Claudia Savage-Gore loses sleep plotting a stealth-lavish birthday party
This article is taken from the June 2021 issue of The Critic. To get the full magazine why not subscribe? Right now we’re offering five issue for just £10.
So, basically, I’ve always used Hector’s status as a “summer-born boy” to justify any shortfall in academic achievement. But now his August birthday has proved my nemesis. Because, people, kids’ birthday parties are sodding back! And not only am I condemned to host my first actual social gathering in months, but I also have to host the first birthday party proper in Hector’s class for even longer. Like, hashtag no pressure! Why couldn’t his birthday have been in lockdown?
I have two choices: outsource at astronomical cost, or morph into Carole Middleton on whatever has replaced steroids
Essentially, as always with the kids’ parties, I have two choices: outsource at astronomical cost, or morph into Carole Middleton on whatever has replaced steroids. Either way, Hector’s parday is basically my new part-time job until August. This is when people talk fondly about how back in the day it was all pass the parcel and a Power Rangers cake baked by Granny. LOL.
Maybe for some, but having grown up in 90s Hampstead I can assure you it was just as bad back then (bussing the class to Chessington was standard issue, followed by tea at The Waldorf), and the only difference is that now it’s no longer enough to throw money at the problem.
Not only must parties be thoughtfully (read: extortionately) themed — think: mini weddings — but also emphatically not flashy. This stealth- lavish approach demands ethical table-scaping (preferably a whimsical Scandi or French aesthetic), non-violent pinata, a biodegradable balloon arch and a heartfelt plea for NO GIFTS, which obviously must be ignored.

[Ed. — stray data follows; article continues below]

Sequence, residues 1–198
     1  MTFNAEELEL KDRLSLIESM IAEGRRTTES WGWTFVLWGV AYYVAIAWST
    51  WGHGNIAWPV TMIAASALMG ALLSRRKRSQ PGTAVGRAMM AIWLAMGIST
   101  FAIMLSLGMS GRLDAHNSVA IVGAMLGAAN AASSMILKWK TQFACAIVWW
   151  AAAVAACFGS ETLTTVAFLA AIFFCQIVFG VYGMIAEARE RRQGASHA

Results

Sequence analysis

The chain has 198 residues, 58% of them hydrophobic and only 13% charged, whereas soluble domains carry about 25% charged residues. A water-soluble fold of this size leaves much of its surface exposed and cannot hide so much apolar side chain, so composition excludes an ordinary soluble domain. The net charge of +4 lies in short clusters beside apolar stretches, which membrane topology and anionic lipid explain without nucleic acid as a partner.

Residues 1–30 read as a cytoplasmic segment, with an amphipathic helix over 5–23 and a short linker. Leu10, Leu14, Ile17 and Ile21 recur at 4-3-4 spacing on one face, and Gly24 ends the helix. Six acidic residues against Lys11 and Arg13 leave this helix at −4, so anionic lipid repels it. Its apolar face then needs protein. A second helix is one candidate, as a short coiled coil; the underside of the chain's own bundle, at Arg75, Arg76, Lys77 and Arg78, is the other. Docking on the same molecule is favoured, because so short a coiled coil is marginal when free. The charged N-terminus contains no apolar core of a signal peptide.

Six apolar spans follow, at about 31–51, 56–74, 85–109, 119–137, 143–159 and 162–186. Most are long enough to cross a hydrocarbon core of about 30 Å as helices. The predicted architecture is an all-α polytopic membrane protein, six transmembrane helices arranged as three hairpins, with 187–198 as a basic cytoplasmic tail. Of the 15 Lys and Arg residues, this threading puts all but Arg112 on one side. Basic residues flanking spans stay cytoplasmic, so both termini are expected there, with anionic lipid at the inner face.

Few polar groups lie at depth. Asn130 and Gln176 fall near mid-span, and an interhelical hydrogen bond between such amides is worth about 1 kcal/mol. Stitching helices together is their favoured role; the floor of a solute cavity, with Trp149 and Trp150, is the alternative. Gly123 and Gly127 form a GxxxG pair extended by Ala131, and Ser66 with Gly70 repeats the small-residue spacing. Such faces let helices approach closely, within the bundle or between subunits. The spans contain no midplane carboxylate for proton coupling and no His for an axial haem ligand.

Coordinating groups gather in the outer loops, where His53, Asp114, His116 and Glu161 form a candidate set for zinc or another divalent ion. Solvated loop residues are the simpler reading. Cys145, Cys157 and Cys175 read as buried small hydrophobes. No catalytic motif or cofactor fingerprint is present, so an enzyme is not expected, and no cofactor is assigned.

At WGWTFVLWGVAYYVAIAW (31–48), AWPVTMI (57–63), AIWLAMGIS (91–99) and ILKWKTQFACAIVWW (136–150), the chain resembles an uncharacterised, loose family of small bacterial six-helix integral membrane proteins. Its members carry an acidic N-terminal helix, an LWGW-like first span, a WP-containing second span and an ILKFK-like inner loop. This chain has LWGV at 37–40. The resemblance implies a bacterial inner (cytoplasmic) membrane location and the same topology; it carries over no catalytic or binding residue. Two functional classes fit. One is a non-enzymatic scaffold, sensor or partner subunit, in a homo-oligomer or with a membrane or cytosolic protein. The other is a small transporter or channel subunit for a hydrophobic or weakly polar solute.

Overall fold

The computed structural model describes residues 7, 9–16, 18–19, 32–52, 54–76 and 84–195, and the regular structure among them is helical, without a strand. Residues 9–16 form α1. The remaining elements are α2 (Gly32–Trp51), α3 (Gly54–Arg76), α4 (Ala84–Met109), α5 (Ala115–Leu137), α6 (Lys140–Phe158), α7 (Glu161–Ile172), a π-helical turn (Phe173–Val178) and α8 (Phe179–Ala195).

Most oppressive is “the big reveal”, when the birthday boy/girl’s reaction — on entering their own party — is filmed for Instagram. Cue immense ball ache of seeking written permission from fellow parents for their child’s image to appear online …
Unfortunately, at this critical moment, the birthday child usually either bursts into tears of disappointment (because wrong snacks/colour palette/confetti) or fails to look sufficiently cute on film.
It’s then ten takes to get the money shot, by which time the party is running half an hour behind schedule. Longer, if the host mother is an influencer or believes she is.
Asked Hector tentatively whether he was sure he wanted a party. My hope was that a year of retreating into his iPad might have given him sufficient social anxiety to decline, but apparently not. And since we are all obliged to model “kindness” and inclusivity”, a tiny party limited to his three actual friends is out of the question.
At least girls are sufficiently cruel to actively insist that the party be select and discriminatory (ie cheaper and marginally less stressful). Plus, Hector’s at that nightmare age — rising eight — when the parents won’t stick around to help, but the kids are as feral as ever.
Annoyingly the big cat handler we’ve had twice for the girls turned out to be a sex offender — all a bit Tiger King — so I couldn’t default to booking him. Then, having extensively researched renting a cinema, safari park, ZSL, Formula One and tours of Harry Potter studios, Hecky suggested a gelato making workshop at artisanal ice cream parlour Lulu & Buttercup.
Will, unreconstructed as ever, was concerned all this was “a bit girly”. Naturally that immediately made me book 30 places for Hector’s entire year group. Then realised I’d already spent thousands on this thing, and that half Hector’s class won’t even be able to come since the kitchen legally can’t guarantee it’s nut, dairy or egg free and most of them carry epi-pens. Great! #itsmychildspartyandIllcryifIwantto #atleastwedonthavetogivehim abarmitzvah
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